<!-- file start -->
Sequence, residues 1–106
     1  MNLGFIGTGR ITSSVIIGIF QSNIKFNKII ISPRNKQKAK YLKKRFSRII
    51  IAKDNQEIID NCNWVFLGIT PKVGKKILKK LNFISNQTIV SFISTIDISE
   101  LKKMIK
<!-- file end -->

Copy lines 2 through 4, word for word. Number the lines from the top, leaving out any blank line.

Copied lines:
     1  MNLGFIGTGR ITSSVIIGIF QSNIKFNKII ISPRNKQKAK YLKKRFSRII
    51  IAKDNQEIID NCNWVFLGIT PKVGKKILKK LNFISNQTIV SFISTIDISE
   101  LKKMIK